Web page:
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Friday, September 09, 2011

My Paris

(click here for the Romanian version)

It could start the way the movie of Woody Allen is telling us, in a nostalgia store, with vinyl records and ebonite plates, and old musical scores, with old photos, with posters for movies from the sixties, and books printed in Paris by 1860 or 1865, and all that kind of stuff, requiring patience, to be browsed quietly, while hours are passing, and evening is coming.

It's midnight now here in Paris, and the rain has just started. Are you still there, in the nostalgia store? Or are you out, walking in the rain, without care? Who is that girl smiling at you? La Môme? How could that be? Edith Piaf, is it she? Someone is humming a song without words, you know the song, you cannot figure out the title, but you know it, and a few tears begin to flow, as from nowhere. Is it nostalgia? No, it is joy, only you cannot believe the miracle.

Is it Edith Piaf, is it rather Marion Cotillard? Does it matter any more? Or is it Kiki, the Kiki of Montparnasse, and you are competing Man Ray?

Wait, who is the girl, and where are you now? Is it Zelda, and you are on the stairs at Montmartre? The same song, without words, you know it, you still can't remember the title.

No, it's not Zelda Fitzgerald, this image of the Escaliers de Montmartre comes from 1950. Have you arrived there from the nostalgia store, letting your dreams float without haste? Or were you staring at the old poster showing an image from 1950, a poster that you had bought one day in that small boutique in New Hope? You had bought it in 2003, now it was the summer of 2009, you were ready to leave the small apartment where you had spent seven years of your life, to move in another town, far away, and the poster was there, and you were ready to take it down from the wall, and your dreams were floating around, and your nostalgia. And you took your cheap camera and tried a shot.

(image of a poster that hanged in my apartment)

So it is 1950, and you are in Paris. It's midnight and you are out, in the rain. And that song, without words, a song of love and nostalgia. And you start thinking at an earlier age, the third decade of the century, the Mad Years, Les Années Folles, as you remember another movie, it was the only movie made by Mirea Alexandresco.

, a man who crossed my life twice. Once in Paris, in 1945, I was just born, and my mother got from the parents of Mirea the baby carriage that had been his, and then, years later, at the beginning of the eighties, when Mirea came to Bucharest in a short visit, with his wife and little daughter. He passed away prematurely sometime in the nineties. I watched his movie on TV, long time ago.

I discovered today on the web the image of a poster of Les Années Folles. A vintage poster, no question about this, with a history of its own: once folded (oops!), then kept flat for a long period of time (to get in shape again), with a bit of paper loss in the right of top edge. The poster had been used in Belgian theaters, so you can note the movie's title both in French and Flemish (Zotte Jahren). It was auctioned in 2011, and sold for ten dollars.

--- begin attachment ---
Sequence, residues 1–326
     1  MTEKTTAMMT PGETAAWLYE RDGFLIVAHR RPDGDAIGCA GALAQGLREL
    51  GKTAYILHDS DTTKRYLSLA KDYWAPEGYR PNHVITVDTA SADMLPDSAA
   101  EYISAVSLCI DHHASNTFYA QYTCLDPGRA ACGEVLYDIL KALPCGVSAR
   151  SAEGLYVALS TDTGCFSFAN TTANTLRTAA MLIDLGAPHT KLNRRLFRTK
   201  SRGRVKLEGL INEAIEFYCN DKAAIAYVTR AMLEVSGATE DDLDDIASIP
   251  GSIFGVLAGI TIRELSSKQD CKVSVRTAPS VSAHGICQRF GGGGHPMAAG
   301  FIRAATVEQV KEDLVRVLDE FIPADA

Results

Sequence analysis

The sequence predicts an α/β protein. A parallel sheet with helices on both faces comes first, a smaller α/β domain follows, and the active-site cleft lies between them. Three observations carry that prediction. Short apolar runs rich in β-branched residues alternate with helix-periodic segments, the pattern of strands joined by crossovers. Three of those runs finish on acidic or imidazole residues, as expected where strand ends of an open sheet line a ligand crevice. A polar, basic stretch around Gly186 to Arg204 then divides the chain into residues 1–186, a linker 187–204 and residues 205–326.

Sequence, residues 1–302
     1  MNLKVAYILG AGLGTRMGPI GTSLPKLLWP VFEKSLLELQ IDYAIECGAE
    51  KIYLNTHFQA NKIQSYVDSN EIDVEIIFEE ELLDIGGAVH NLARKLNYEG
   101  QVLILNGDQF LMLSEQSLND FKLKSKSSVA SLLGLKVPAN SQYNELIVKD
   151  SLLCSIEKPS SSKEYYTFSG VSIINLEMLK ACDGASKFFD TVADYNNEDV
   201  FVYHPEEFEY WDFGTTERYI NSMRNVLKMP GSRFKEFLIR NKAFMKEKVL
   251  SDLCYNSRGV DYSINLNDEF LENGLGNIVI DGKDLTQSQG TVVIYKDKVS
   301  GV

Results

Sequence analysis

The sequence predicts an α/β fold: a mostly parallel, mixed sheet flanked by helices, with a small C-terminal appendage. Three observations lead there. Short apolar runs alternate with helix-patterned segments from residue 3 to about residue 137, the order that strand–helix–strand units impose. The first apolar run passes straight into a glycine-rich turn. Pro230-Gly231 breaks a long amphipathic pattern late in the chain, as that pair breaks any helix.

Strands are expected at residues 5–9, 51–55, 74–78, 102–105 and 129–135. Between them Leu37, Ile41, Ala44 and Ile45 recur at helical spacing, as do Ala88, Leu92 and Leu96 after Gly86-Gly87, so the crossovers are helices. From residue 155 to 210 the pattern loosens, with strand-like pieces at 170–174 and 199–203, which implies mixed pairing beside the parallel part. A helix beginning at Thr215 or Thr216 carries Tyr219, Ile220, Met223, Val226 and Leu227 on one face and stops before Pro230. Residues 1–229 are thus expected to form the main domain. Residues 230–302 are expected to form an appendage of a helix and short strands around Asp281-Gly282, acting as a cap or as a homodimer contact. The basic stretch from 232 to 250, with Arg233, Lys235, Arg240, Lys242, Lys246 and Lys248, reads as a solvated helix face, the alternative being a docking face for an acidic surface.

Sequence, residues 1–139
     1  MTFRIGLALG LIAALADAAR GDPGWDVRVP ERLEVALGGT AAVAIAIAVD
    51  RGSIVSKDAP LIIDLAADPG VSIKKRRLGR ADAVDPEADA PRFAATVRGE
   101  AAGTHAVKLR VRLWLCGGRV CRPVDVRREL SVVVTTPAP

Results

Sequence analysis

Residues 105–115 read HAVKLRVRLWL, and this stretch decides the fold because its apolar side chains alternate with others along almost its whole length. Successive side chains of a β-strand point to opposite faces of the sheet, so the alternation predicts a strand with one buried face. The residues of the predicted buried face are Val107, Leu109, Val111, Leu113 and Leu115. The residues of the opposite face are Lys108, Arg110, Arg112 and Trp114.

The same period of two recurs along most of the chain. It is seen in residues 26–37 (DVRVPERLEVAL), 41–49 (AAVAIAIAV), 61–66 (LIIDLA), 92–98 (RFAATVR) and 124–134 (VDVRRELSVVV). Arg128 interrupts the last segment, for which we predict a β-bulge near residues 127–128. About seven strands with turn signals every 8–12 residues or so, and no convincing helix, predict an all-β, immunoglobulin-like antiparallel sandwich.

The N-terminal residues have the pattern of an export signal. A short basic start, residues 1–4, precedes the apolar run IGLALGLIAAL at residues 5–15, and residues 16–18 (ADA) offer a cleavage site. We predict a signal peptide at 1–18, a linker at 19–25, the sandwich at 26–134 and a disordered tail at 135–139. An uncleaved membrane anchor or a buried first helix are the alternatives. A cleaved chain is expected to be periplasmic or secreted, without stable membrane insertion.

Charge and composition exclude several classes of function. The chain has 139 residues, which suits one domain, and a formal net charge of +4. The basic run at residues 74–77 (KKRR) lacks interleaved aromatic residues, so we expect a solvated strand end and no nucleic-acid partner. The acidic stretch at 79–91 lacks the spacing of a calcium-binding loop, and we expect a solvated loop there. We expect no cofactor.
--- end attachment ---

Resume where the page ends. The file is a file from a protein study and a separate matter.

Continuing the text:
Well, that poster brought me again in the Paris of the twenties, Hemingway and Scott Fitzgerald were there, and all those guys, and Gertrude Stein who was just coining the term of Lost Generation. And Buñuel, and Dalí. Is it he, Dalí, or Adrien Brody, impersonating Dalí in the movie of Woody Allen? Why is this movie coming again and again in my mind? I'm talking now to Dalí, about my walks in the rain on empty Parisian streets, browsing decades, and he's not surprised. It is quite normal, he says, time is just a convention, keep dreaming.

Was this the Paris I wanted to be in? Maybe not, my dreams were floating towards a much earlier age, the epoch of Emonds and Marville, a city about to change its face, the mid of ninetieth century. Old streets were to disappear, and the photographers were taking photos in haste, to document the old homes, and the old pavements. And the art of Painting was about to change face. The artists had discovered at Barbizon the plein air, and Impressionism was about to come. Well, yes, that would be the Paris to be in.

And maybe the journey should start in that small antiquarian shop, Rue du Cherche Midi, just next to the house where I spent the first three years of my life. I came back there tens of years later, in 1999, and I entered the store: a place to browse those old books, and old photos, drawings and engravings, and let your dreams free.

And I am out. It's midnight and it's raining (to quote Dan, who was quoting in turn Woody Allen). And I start to remember the words of the song, it's Plaisir d'Amour, it was written in Paris, only much, much earlier, in 1780! Berlioz would compose the music a bit later, in the first half of the nineteenth century.

And it's so beautiful the song, that my tears are mixing with the drops of rain. I will come back to this, it's much to say.

(Cinéma Français)

(A Life in Books)

(The Fitzgeralds)

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